5. Not necessarily. Nitrogen can be a liquid, and so can Copper. It depends on temperature and pressure. So what you are really asking, is why they have different boiling and melting points. Can't help you on that. Something to do with the intermolecular forces.
  6. The wikipedia page for Bacillus Subtilis is actually very misleading. But down the page, it does show a gram stained picture, with the purple colour similar to your pictures. https://en.wikipedia.org/wiki/Bacillus_subtilis
  7. Damn it, I got that the wrong way around, sorry. The purple colour is gram positive. So this looks gram positive, not negative. The prominent rod shapes are definitely purple.
  8. That's all true, but deserts can be farmed very profitably if the water is available. Israel is one of the world leaders, they have huge areas of desert growing stuff like Jojoba. If you have a water supply that isn't going to run out, you can build up a soil over the years, growing crops initially that are suited to more sparse conditions. Some crops, like Clover, fix nitrogen from the air in their roots, and improve the soil as they grow. There's loads of stuff on youtube about growing crops on desert soils. Edit : More directly relevant to the OP, this youtube video shows Israelis extracting dew from the air, using plastic around the roots of each plant. It starts at 3:10
  9. Shades of both. Green is the more dominant, but there are hints of red about.
  10. One thing I dreamed up, a few years ago, was a possible way to green some of the world's deserts. I don't know if it would work, it would take some serious political will to embark on. The idea is that you start with a desert or semi desert close to the coast. It has to have a history of regular onshore winds. What you do is to install some serious seawater pumps, a few hundred metres from the shore. When there is any significant onshore wind, you pump seawater upwards, in an extremely fine spray, so that the water evaporates, and the salt falls back into the ocean. The humid air travels inland, where it is forced upwards, forming clouds and giving rain. The combination of clouds and rain transform the barren land into rich agricultural land, taxes on which pays for the pumping operation. In time you might even get rivers to flow, enabling secondary irrigation using the same water. If the economics don't add up now, they might in the future, if there is cheap electricity from fusion reactors. Somewhere like the Nullarbor Plain in Australia could be transformed into a real bread basket, with regular rainfall. And all you need is an onshore wind, and the money to operate the pumps.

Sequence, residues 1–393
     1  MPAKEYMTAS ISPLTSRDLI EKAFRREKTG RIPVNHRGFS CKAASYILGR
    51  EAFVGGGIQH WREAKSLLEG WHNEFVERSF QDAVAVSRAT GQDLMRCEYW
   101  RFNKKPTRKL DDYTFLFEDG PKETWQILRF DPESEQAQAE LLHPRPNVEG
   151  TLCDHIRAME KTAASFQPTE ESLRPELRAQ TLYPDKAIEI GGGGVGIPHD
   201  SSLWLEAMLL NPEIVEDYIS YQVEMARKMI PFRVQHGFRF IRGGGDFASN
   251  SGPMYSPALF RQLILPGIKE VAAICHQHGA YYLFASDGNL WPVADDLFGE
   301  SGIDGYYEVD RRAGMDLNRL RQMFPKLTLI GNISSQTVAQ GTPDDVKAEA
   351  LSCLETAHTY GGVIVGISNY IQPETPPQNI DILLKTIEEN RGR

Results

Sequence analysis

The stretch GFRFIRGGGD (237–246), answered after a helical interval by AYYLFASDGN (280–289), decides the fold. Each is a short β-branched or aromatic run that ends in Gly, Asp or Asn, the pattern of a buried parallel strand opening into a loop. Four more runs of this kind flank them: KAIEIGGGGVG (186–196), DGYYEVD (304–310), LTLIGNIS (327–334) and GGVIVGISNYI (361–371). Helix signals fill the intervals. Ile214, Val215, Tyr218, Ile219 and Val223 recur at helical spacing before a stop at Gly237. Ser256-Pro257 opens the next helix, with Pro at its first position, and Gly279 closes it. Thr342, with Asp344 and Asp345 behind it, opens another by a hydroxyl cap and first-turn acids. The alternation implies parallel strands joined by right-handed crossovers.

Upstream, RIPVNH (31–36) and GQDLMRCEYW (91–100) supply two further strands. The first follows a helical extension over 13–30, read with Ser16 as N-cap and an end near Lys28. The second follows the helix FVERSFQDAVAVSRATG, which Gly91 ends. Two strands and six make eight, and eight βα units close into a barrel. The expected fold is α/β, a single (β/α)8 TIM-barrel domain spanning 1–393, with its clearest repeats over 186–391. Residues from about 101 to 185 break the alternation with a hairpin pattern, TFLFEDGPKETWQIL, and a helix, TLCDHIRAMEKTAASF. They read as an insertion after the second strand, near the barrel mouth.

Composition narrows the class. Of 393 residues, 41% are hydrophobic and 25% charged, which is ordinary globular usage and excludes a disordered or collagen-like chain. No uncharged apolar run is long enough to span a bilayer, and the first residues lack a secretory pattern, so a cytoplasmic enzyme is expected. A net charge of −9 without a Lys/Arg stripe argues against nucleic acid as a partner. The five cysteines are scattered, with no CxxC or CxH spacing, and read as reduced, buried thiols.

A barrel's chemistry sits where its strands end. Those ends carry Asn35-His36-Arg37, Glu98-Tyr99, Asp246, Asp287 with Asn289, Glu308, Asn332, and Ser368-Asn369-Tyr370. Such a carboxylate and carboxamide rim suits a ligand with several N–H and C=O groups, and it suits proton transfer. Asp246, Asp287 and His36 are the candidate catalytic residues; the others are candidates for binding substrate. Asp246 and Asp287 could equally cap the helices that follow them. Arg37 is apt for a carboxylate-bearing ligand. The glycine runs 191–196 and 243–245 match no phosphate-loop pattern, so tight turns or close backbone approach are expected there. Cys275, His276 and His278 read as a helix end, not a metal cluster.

11. I'm afraid it's you that's being dense. I was clearly pointing out how long we have been evolving mechanisms of coping with the cold. And I clearly referenced the out of Africa figure of 75,000 years. Dogs evolved from wolves, and they have been coping with colder temperatures for millions of years, in contrast to humans. It's simple stuff, all there in my post. You seem to have lost track of what the thread is about.
  12. William Lane Craig and others balance their whole argument for the existence of God on the argument that some things just exist, outside of time and space, and Maths is the example they use of such a class of "thing". I view maths as a property of stuff, not something that exists on it's own. You can have 3 oranges, but there is no such thing as "3". I can't think of any other thing that exists outside of time and space, Craig gives the impression that there is a whole class of "things" that exist necessarily, but maths is the only one I've heard him actually mention. Well, maths and god. But God is the thing he's trying to prove exists, so that doesn't count.
  13. The track was used as backing for an American Express commercial.
  14. I don't know if this is relevant, but I'm sure I just heard a remote voice say "I've really got them going, this is great trolling!"
  15. Well, that's your best bet. Why waste your time here? If you can really do it, it should be easy to make money, from sceptical and non sceptical alike. So it's not just you who can do it then? It should be easy to set up an impressive show, if you have someone else who can do it as well.